I’m not an unkind person, but I’m certainly not someone for whom the attribute “kind” is the first thing that comes to mind. In fact, kindness is an issue I’ve grappled with since about 2nd grade when I wasn’t very nice to a classmate. I snubbed her friendly invitation to play and headed off to inch my way into a group that seemed more popular. This behavior became a habit, particularly with this one girl. I’m not sure when I realized I was being unkind, but I do recall that I eventually came to think about it at night when I would promise myself to be nicer to Judy the next day. But I never seemed to be able to pull it off.
I thought about it for years, especially when I felt myself behaving similarly to others later in life. What was astonishing is that at my 10-year high school reunion, Judy greeted me warmly as if I was one of her oldest and dearest friends. We had a wonderful chat, and I learned that she and her husband had bought a home around the corner from the house in which I grew up. She regularly talked with my dad and knew a lot about my life. Had this woman never felt my snubs? Or was she simply one of those extremely forgiving and, dare I say, kind people?
The Judy scenario was one that continued to niggle at the edges of my conscience for years. And though I eventually could catch myself in the act of such behavior and change it, I hadn’t exactly stopped doing the snub thing. Moreover, another example of a particular lack of thoughtfulness slammed me one evening as I rushed into a big bookstore to make a purchase while my spouse waited in the car. The man who held the door for me called attention to the fact that I had walked right in without so much as a thank you. I was terribly embarrassed, so much so that I couldn’t even make my purchase. You see, my spouse had been calling me on this lack of courtesy for a while, but when a stranger pointed it out, I woke up.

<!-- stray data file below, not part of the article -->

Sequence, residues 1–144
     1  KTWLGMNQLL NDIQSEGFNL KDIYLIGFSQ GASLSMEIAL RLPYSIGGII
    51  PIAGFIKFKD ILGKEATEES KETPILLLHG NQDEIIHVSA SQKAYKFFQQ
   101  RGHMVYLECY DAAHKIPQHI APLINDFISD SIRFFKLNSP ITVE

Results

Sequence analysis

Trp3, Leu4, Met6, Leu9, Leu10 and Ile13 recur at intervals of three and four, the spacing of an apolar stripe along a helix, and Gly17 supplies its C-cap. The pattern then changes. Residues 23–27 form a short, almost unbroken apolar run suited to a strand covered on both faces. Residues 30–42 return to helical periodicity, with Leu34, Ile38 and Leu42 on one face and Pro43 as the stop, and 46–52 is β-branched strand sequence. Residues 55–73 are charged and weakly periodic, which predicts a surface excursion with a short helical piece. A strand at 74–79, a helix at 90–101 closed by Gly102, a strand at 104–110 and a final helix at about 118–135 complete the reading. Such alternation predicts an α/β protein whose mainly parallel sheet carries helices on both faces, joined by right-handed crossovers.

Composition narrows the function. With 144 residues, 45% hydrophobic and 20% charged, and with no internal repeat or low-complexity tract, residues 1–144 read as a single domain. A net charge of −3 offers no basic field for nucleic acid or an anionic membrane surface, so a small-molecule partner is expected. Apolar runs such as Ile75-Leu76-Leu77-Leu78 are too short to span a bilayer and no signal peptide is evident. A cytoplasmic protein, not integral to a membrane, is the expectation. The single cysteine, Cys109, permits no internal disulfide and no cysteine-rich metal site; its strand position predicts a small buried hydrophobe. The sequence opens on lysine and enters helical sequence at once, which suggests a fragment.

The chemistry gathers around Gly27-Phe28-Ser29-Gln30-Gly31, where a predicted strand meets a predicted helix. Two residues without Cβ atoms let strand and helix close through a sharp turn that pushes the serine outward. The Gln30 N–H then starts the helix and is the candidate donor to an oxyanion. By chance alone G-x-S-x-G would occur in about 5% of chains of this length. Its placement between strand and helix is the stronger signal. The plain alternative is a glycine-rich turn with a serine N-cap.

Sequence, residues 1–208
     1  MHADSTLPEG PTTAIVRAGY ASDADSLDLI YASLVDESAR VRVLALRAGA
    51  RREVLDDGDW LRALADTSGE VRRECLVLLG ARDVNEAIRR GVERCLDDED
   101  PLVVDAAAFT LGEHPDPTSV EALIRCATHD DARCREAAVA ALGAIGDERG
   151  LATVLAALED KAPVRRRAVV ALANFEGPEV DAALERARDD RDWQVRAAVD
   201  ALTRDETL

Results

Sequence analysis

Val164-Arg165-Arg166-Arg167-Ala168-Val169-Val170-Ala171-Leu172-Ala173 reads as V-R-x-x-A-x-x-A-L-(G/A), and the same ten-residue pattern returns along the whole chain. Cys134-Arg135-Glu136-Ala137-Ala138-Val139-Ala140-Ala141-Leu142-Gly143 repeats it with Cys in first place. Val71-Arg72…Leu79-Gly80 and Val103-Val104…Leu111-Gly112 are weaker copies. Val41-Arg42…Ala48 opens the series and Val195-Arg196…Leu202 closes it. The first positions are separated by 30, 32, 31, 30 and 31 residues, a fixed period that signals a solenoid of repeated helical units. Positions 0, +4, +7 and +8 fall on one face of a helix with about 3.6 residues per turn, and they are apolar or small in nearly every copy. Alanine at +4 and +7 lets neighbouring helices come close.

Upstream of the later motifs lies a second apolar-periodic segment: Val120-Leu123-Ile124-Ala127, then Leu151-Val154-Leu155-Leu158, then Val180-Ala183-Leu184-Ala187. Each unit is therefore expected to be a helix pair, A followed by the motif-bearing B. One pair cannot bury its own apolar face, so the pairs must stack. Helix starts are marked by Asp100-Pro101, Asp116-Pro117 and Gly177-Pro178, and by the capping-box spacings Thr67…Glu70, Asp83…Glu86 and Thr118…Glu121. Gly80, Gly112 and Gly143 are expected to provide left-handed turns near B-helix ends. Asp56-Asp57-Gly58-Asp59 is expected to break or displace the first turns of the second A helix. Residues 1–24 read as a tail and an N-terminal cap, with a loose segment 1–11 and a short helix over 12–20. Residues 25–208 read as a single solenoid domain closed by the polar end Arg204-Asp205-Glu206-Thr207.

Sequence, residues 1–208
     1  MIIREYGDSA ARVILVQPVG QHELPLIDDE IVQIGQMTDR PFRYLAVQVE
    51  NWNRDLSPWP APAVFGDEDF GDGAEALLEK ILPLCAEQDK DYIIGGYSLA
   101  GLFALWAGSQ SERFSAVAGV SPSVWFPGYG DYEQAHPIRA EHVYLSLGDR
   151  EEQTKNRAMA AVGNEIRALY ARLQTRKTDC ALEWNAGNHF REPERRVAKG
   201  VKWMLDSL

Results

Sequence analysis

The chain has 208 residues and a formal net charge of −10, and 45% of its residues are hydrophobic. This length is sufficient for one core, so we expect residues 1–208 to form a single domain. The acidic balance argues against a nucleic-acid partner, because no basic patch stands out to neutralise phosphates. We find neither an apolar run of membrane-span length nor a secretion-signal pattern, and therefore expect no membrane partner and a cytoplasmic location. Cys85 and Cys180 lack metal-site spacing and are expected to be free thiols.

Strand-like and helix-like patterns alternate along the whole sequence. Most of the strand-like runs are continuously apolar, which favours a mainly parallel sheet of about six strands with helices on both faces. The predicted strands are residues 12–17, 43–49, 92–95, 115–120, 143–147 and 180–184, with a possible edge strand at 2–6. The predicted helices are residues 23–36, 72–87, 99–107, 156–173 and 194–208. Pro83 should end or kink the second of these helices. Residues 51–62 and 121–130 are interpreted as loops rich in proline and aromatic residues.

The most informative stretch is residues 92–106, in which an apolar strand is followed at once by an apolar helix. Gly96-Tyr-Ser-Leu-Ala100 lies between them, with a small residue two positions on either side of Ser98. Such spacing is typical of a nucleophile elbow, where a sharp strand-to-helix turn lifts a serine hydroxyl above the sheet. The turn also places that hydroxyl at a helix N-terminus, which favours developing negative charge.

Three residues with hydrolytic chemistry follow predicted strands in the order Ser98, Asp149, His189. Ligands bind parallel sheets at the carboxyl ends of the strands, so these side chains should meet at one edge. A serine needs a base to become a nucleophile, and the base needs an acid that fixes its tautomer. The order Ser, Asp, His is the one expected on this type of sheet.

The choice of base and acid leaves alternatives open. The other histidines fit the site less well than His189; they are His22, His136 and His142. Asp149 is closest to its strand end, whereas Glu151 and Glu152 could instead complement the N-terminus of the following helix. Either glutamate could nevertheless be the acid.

These two incidents had a great deal to do with my plan to go into kindness training in 2014. Athletic models work for me so training was the word that worked. It seemed that I had been aware of this flaw in my character for a long time, but I had not been able change it. Training was necessary to make that happen. Here’s an overview of the training I’ve undertaken this year:
1. I needed an affirmation. Kindness became my word for 2014.
2. I needed a coach, so I bought and read Guerrilla Kindness by Gavin Whitsett. I used a highlighter and post-its to mark the suggestions that stood out—many that had never occurred to me and some that I wanted to beef up in my life.
3. Then I made a list of 66 Kindnesses that I wanted to work on this year (I’m 66 this year, so that’s where the number came from).
4. Whitsett recommends marking 20% of the Kindnesses that you think will be easy to implement, so I did that too.
5. Then I set an alarm on my phone to ring every Friday at 7am reminding me to reread the entire list and create a “Kindness Plan” for the upcoming week. I list 4-6 Kindnesses, two of which are more challenging or take longer or more effort.
6. Then I get to work training to be kind.
I’m not an intuitively kind person, like my spouse or one of my granddaughters, but I have to say the impulse is getting more automatic, and I LOVE Fridays. There is so much joy in working on a specific Kindness, like preparing a meal for a friend who is ill, dropping off old magazines at local laundromats, stopping to buy gift certificates for ice cream, the car wash, or movie tickets to give to service people. I’ve learned the names of 10 of my neighbors, so I can speak to them by name when I’m outdoors. I’ve trained myself to the let others end hugs and handshakes.
Best of all, I’m swerving off my intended path more often than not to lend a hand when I notice the opportunity for kindness. No more niggling worry about snubbing Judy, but I do offer a mental thanks to her for helping me see the light.